We went to Norwich in the car, and left it in the Park & Ride, travelling into town on a new bendy bus! The driver said it was his first day on the P&R but we really hoped it wasn't his first day driving a bendy bus. The trip took about 20 minutes, and had a wee tour of the UEA campus as well on the way, which inspired the YFG afresh with her midwifery plans.
The inner castle keep - the balcony above is the original level of the main floor, and this floor is apparently a later Victorian addition.
This was our first view of the castle this lunchtime. The sun was shining beautifully, and it was warm. When we came out at half three, it was much fresher and the clouds had come over. The castle is beautiful on the hill, and it looks quite imposing - it's been there over 900 years after all.
There were extensive natural history exhibits, and they were really good for showing us the local wildlife - although I am not sure how local this enormous white pelican was. In another room were some lions that had been shot in Kenya in 1908 - they were in surprisingly good condition being over 100 years old!
We sat in the Rotunda and enjoyed a cup of tea, sitting right next to this e-n-o-r-m-o-u-s teapot! This is believed to be the largest teapot in the world, and it is in Norwich.......there is rather a collection of teapots in the castle - over 3000 of them!
There is a very interesting - and locally relevant - section about the Iceni and Boudicca. This picture shows how the Iceni used to worship - at water sources and rivers, and often by placing valuable items into the water: this chap seems to be putting a knife into some marshy, reedy ground.
We paid a little extra to go on a tour of the dungeons - what an experience that was! Down a long flight of steps, and into some very damp-smelling and dank rooms far underground, a guide showed us the cells and vaults with some gruesome exhibits. There were some plaster casts of heads there, and they were made after the executions of murderers who were put to death at the castle or in the nearby market square. There was also a gibbet - a metal cage in which the murderers were put in later years as a method of execution BUT the bodies had to be left in the cage until it disappeared: the bodies were denied a proper burial. In the deepest of the dungeons we heard a story about a monk, cousin to Henry III's wife, Eleanor of Aquitaine, who killed his prior and was held there in the 1200s......if I have remembered it right!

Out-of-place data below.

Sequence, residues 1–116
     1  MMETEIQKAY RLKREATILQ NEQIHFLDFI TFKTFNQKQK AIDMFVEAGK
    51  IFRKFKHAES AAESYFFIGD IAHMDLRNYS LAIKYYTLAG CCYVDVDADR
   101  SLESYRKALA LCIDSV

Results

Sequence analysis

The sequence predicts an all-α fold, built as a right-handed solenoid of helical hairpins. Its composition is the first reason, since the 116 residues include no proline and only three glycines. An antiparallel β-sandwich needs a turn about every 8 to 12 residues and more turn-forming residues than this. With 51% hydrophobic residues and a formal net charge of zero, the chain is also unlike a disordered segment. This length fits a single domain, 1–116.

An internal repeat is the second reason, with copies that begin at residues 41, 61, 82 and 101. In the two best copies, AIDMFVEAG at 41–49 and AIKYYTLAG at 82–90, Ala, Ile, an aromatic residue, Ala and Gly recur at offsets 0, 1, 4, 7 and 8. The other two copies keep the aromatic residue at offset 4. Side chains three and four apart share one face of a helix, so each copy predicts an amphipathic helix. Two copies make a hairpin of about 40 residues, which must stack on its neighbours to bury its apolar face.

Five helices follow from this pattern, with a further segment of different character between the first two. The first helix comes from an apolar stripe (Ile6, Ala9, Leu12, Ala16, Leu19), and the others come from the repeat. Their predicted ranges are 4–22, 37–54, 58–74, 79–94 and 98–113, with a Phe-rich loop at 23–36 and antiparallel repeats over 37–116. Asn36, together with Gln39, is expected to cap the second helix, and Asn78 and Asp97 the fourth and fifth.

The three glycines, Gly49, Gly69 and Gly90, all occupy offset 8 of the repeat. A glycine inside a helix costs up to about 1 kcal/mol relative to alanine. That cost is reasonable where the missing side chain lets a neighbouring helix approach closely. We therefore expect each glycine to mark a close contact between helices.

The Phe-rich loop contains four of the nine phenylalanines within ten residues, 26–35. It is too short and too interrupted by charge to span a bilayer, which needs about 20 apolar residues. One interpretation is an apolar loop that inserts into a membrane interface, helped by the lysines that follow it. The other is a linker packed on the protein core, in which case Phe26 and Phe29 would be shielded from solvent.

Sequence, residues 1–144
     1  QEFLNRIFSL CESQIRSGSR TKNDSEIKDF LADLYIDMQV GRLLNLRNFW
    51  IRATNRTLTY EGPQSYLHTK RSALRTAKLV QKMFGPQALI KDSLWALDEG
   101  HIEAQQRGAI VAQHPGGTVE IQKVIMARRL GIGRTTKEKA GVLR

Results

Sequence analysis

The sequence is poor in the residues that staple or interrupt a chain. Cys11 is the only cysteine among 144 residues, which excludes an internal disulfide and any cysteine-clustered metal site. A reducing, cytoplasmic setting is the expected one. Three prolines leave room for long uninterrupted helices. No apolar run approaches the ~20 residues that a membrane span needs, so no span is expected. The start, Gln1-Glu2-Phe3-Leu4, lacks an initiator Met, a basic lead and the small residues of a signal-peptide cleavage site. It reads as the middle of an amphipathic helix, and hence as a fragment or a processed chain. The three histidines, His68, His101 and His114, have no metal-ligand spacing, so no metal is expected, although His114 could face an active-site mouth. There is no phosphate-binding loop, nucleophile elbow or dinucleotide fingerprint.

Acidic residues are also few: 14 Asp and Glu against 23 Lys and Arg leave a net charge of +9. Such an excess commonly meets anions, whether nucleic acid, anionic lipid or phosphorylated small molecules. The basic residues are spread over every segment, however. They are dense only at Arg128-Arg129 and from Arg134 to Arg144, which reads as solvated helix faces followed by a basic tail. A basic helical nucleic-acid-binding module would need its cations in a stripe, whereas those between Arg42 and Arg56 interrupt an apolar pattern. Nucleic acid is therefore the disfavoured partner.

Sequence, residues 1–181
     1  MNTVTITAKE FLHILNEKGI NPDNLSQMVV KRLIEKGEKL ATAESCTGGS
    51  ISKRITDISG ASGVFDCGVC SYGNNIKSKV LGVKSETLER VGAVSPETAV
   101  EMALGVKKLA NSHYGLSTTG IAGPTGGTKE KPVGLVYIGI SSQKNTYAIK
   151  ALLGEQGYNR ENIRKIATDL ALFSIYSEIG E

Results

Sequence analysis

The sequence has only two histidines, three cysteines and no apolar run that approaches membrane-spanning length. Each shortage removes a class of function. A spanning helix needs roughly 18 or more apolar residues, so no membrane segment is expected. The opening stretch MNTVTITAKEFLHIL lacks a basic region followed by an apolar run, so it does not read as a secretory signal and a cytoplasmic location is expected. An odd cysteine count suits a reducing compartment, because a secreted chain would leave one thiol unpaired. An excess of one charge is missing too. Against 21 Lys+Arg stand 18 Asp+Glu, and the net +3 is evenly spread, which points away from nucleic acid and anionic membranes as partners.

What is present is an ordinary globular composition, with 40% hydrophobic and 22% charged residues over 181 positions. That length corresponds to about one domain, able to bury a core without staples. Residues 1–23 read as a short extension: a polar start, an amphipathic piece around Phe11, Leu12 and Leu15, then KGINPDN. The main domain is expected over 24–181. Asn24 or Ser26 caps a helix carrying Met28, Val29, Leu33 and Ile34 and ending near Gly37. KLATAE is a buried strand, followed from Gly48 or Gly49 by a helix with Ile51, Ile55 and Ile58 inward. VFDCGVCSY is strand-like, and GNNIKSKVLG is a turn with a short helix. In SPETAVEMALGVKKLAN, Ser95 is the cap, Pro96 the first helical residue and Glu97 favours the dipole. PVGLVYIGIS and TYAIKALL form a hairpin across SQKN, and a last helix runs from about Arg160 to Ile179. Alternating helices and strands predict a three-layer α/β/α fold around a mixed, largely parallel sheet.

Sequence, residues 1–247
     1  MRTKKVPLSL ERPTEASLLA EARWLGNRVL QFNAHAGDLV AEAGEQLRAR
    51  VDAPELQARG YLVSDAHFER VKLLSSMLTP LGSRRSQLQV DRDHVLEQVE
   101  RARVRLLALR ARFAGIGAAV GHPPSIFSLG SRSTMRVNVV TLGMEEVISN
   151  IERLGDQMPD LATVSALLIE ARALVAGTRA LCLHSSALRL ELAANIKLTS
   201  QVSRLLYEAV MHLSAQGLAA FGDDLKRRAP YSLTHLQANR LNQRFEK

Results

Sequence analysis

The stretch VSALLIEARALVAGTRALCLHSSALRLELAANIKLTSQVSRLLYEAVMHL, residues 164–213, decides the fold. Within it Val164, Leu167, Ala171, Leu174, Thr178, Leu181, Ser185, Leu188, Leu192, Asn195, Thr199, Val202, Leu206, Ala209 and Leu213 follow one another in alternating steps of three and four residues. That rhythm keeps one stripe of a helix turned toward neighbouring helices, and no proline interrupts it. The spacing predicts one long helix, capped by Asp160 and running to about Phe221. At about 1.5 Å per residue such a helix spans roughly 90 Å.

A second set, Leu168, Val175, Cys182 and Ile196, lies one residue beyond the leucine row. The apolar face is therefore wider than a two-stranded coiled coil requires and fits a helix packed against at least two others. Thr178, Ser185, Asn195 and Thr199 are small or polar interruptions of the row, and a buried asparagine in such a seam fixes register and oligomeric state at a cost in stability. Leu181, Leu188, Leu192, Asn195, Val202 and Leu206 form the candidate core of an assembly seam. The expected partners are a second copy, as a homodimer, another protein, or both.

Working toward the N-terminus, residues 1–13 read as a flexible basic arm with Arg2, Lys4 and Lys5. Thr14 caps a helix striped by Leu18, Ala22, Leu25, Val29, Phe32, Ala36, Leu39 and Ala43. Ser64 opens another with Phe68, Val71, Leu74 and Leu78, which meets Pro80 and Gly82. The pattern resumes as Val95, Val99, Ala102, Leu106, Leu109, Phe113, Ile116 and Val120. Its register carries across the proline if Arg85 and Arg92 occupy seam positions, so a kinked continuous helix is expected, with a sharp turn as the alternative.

There is an exhibition in the upper level of the Rotunda connected to the Royal Anglian regiment - it was heartbreaking to read the soldiers' letters home to their families and to read about those who didn't make it back. There were pictures and memorabilia from the First World war in particular, and it was all brilliantly arranged.
We really enjoyed the day out, and would go back again for anther good look around - there was so much to see and do. The exhibits in the keep were very interactive and there were lots of activities for children to do, so it would be great for all ages.